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Asian Pacific American Heritage Month

Girl Scouts Celebrates Asian Pacific American Heritage Month

Girl Scouts of the USA is proud to celebrate the diversity, rich culture and contributions of the Asian and Pacific Islander communities. In honor of Asian Pacific American Heritage Month, in May, Girl Scouts pays homage to individuals who have made a significant impact on the Girl Scout movement.

From National Board members to girls everywhere, Asians and Pacific Islanders contribute greatly to the Girl Scout mission of building girls of courage, confidence, and character, who make the world a better, and more inclusive, place.

Throughout the month of May, Girl Scouts of all backgrounds will come together and celebrate Asian and Pacific Islander culture, as well as commemorate the international work of the World Association of Girl Guides and Girl Scouts (WAGGGS).  With locations across the globe, including countries such as China and India, WAGGGS works to ensure that opportunities exist for all girls.

Local Girl Scout Brings Awareness to Her Community

The Girl Scout mission is to build "girls of courage, and confidence, and character, who make the world a better place." Nobody brings that mission to life better than 15-year-old Reema, a Girl Scout from New Jersey. Not only is this future neurosurgeon and classical Indian dancer in the Honors Program at Columbia University on the weekends but she's also making a difference in her community.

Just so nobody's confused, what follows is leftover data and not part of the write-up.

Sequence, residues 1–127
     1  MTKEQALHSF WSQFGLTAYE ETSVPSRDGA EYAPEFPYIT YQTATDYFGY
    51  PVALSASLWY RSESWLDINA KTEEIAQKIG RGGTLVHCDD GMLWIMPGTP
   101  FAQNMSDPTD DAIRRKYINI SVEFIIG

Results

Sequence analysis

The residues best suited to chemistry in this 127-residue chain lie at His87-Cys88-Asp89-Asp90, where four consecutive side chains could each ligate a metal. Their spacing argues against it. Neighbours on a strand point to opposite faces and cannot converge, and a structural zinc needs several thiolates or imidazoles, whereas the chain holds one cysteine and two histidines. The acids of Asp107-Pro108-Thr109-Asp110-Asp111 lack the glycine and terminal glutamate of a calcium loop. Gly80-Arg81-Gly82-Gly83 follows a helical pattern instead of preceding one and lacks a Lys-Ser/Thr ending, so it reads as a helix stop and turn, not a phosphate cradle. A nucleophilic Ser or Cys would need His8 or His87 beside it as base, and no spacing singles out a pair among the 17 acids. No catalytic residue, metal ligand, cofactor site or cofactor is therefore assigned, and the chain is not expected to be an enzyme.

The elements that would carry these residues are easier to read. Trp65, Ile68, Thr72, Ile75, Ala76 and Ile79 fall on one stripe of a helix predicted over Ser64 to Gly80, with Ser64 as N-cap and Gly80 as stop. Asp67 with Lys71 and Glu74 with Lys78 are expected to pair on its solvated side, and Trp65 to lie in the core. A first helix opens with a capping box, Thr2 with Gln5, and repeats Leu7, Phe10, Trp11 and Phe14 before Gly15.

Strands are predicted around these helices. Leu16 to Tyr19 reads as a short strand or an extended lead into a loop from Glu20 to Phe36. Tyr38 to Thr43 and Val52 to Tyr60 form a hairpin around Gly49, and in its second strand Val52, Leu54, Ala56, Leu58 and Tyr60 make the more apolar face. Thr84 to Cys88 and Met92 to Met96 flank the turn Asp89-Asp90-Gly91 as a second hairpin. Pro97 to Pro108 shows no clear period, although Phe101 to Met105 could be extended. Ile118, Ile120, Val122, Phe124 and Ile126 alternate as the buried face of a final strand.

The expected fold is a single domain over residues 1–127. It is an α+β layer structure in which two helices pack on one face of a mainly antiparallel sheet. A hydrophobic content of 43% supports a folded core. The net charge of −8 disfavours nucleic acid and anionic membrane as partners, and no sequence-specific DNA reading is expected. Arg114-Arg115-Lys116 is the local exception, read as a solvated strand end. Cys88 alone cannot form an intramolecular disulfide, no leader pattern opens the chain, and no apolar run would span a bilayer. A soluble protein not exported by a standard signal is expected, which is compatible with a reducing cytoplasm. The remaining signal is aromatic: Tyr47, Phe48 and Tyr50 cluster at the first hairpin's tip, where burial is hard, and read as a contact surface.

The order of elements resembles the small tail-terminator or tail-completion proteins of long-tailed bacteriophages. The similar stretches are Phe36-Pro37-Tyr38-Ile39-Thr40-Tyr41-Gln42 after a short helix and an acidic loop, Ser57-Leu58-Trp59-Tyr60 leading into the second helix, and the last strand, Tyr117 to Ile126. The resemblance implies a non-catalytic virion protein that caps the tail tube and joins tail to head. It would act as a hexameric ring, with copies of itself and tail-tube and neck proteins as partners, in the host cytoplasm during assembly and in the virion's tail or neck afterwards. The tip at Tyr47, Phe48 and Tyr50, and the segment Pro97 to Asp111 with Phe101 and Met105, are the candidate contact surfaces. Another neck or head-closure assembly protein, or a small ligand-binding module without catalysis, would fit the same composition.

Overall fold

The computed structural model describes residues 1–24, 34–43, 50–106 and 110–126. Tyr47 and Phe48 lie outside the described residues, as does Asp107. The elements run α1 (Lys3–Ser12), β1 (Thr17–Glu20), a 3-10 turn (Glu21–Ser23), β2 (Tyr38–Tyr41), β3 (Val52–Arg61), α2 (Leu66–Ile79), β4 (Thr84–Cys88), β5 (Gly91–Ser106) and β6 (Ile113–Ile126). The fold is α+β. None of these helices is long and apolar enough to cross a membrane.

Reema is on her way to earning the Girl Scout Gold Award—the highest Girl Scout recognition for community service.

For her Gold Award project, Reema is increasing awareness about issues affecting the deaf and hearing-impaired community. "Lots of people are not aware of the conditions that deaf people go through," she says.  "All the simple things like alarm clocks or doorbells that we take for granted are not suited for deaf people." 

To bring awareness to her community, Reema is teaching sign language to 30 Brownie Girl Scouts. Reema is also acting as a community ambassador for the Marie H. Katzenbach School, where she first learned about the issues facing the deaf community and learned to sign.

Taking inspiration from Juliette Gordon Low, the hearing-impaired founder of Girl Scouts of the USA, Reema is committed to continue educating her community about these and more important issues. You can expect to find Reema at Science camp this summer.


Photo of Linda P. ForemanRead an Interview With Gwendolyn J. Wong, National Board Member,
Girl Scouts of the USA

Born in Chicago, raised in Hawaii, and a fourth-generation Chinese American, Gwendolyn J. Wong is the perfect example of how Girl Scouts can play a vital role in the lives of all girls, no matter what corner of the globe they may call home. A proud Asian Pacific American, Wong encompasses the courage, confidence and character that Girl Scouts builds on to create tomorrow's leaders. Read the full interview.